by Sadge, at Firesign Farm
Southwestern, Tex-Mex, Mexican - the cuisine of the US southwest goes by many names. Tortillas, salsas, and chile peppers are much more likely to show up in the markets in other parts of the country now than in the past, and everyone has now heard of burritos, tacos, and refried beans. Many folks are familiar with green salsa or chili verde, but incorrectly assume they're made with green, aka unripe, tomatoes.
Those green soups and sauces are made with tomatillos (toe-ma-TEE-yos). The confusion is understandable. The word "tomatillo" looks like it could mean a kind of little tomato. Instead, the tomatillo grows inside a green husk, somewhat reminiscent of ground cherries or Chinese lantern plants.
For a gardener, the annual plants are easy to grow. I start a couple of seeds inside in early spring, the same time I start my tomato, pepper, and eggplants, and set them out after the last frost (they can be direct-seeded, but start out so tiny that I find it easier to start them inside. They'll also volunteer if you don't clean them up well in the fall). Once established the plants will thrive despite abuse that can kill other, tenderer, crops. They're drought-tolerant, but lots of water just makes them grow even faster. The light frosts in early fall won't faze them, nor will summer heat. Mine have never been bothered by bugs, critters, or disease. They do take up a bit of space - they're a sprawling, almost weedy-looking plant. I set out two plants close together, allowing them a space at least 4 feet square. They're quite prolific too - two plants provide enough for the two of us to use fresh in summer, and to can for winter soups and enchiladas.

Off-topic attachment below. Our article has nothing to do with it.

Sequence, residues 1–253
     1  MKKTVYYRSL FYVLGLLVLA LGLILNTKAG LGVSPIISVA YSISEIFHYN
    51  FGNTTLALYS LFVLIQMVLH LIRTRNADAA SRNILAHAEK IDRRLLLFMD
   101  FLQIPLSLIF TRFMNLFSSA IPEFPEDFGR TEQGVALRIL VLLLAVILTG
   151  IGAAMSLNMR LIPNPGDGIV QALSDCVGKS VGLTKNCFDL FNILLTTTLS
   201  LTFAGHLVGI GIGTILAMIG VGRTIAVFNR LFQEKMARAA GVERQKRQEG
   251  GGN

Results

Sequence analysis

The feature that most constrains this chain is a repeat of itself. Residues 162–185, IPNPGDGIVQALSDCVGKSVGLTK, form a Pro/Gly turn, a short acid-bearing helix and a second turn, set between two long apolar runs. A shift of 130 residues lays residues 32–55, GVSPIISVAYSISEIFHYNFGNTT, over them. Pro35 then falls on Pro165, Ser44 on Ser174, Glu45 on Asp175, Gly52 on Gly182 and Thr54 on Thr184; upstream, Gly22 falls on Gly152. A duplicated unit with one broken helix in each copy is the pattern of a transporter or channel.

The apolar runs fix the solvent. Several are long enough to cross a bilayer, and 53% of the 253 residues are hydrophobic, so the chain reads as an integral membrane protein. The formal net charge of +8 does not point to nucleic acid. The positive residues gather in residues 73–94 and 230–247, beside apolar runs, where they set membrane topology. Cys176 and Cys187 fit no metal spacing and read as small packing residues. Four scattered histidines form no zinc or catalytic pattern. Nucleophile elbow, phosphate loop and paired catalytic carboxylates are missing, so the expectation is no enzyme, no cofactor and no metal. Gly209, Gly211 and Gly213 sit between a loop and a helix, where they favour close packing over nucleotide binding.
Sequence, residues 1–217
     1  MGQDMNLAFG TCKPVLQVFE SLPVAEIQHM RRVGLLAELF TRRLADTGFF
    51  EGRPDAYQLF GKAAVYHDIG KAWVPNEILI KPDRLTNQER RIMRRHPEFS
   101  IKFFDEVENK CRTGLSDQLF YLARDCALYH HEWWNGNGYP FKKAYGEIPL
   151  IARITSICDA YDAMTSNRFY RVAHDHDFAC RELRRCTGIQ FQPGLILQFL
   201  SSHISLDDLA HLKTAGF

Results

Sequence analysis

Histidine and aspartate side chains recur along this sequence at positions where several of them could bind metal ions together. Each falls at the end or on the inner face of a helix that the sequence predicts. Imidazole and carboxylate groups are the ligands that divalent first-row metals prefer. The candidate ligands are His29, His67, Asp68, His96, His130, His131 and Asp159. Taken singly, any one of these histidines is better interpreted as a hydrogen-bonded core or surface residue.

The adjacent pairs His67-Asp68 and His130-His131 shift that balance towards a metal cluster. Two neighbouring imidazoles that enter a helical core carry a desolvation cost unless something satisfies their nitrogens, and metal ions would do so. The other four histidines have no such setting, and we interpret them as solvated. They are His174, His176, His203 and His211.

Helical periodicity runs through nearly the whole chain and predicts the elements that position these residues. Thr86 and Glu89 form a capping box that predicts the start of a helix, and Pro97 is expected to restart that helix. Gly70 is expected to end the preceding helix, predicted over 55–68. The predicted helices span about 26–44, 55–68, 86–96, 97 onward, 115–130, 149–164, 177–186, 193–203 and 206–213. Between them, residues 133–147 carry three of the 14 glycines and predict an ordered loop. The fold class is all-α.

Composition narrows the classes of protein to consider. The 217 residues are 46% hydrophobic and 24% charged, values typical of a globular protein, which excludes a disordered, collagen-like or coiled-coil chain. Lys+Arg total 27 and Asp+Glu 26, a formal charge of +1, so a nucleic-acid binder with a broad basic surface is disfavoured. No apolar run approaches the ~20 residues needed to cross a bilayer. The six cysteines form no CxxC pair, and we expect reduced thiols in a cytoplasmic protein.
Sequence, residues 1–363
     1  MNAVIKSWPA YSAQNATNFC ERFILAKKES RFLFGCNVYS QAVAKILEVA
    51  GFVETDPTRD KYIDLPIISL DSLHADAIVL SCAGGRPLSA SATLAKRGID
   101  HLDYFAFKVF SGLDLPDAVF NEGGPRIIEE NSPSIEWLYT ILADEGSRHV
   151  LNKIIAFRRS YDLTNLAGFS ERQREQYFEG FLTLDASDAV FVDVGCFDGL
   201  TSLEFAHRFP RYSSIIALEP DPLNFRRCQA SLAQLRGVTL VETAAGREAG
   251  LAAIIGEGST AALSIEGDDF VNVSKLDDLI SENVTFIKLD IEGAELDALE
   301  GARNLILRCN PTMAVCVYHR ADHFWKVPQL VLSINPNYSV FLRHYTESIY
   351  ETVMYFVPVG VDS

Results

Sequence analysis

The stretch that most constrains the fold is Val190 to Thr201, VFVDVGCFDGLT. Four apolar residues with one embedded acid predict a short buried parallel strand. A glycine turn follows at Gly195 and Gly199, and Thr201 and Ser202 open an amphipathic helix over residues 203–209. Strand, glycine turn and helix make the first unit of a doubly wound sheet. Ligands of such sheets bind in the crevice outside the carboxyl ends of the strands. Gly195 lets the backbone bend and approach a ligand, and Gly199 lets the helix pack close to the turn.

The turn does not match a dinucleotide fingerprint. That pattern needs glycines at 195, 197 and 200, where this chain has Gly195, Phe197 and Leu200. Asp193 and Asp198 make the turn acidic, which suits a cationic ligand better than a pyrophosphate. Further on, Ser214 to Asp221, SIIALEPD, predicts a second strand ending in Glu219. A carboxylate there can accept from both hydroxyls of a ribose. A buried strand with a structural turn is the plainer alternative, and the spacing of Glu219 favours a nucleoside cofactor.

Seeds are easy to come by, especially if your local market carries fresh tomatillos in the produce department (or start with some ordered from a seed catalog and then save your own seeds after that). With a fresh tomatillo, tear off the husk, cut the green fruit in half, squoosh the inside seed-carrying flesh onto a piece of paper, and set it aside to dry (incidentally, the same way I save tomato seeds - that soaking and fermenting in water is completely unnecessary). The seeds are much smaller than tomato seeds - more like eggplant's. When the paper is dry, the seeds can then be picked off and planted right away, or the paper folded up and tucked into an envelope to wait until Spring planting time.
To pick tomatillos, just lift up the sprawling branches and feel for heavy fruits that completely fill out the husk. For the best flavor, harvest when the husk and fruit inside are both still green. If you leave them until the husk dries out and the fruit inside turns yellow, they're still edible but too sweet. Harvested when the fruit inside just fills the husk, unwashed and unhusked fruits will keep a month or two just piled in a basket on a cool, pantry shelf (not refrigerated or in plastic).
To use fresh, pull off the husks and discard, then wash the round fruits inside (they'll feel a bit sticky). For salsa, dice or puree, along with roasted chile peppers, garlic, onion, and cilantro. They're also one of the easiest items to can (tomatillos on the left, above, jalapeno jelly on the right) for later use. Just barely cover dehusked and washed whole tomatillos with water and bring to a boil. Simmer 20 minutes, or until the fruits are soft. While they can be canned whole, I use a potato masher to smush them into a lumpy sauce. Ladle into hot, sterilized jars, adding 1 teaspoon lemon juice to each pint. Leaving 1/4 inch headspace, seal, and process 30 minutes in a boiling water bath.
My favorite way to use canned tomatillos is to make a big batch of chili verde: pork cubes browned with chopped onion and garlic, add cumin and oregano, water or stock, chopped roasted and peeled chiles to taste, and a jar of tomatillos. Simmer until the pork is tender, and serve in bowls with tortillas or corn muffins on the side. It's even better the next day - try it smothering a scrambled egg and potato breakfast burrito, topped off with a bit of cheese. ¡Muy sabroso!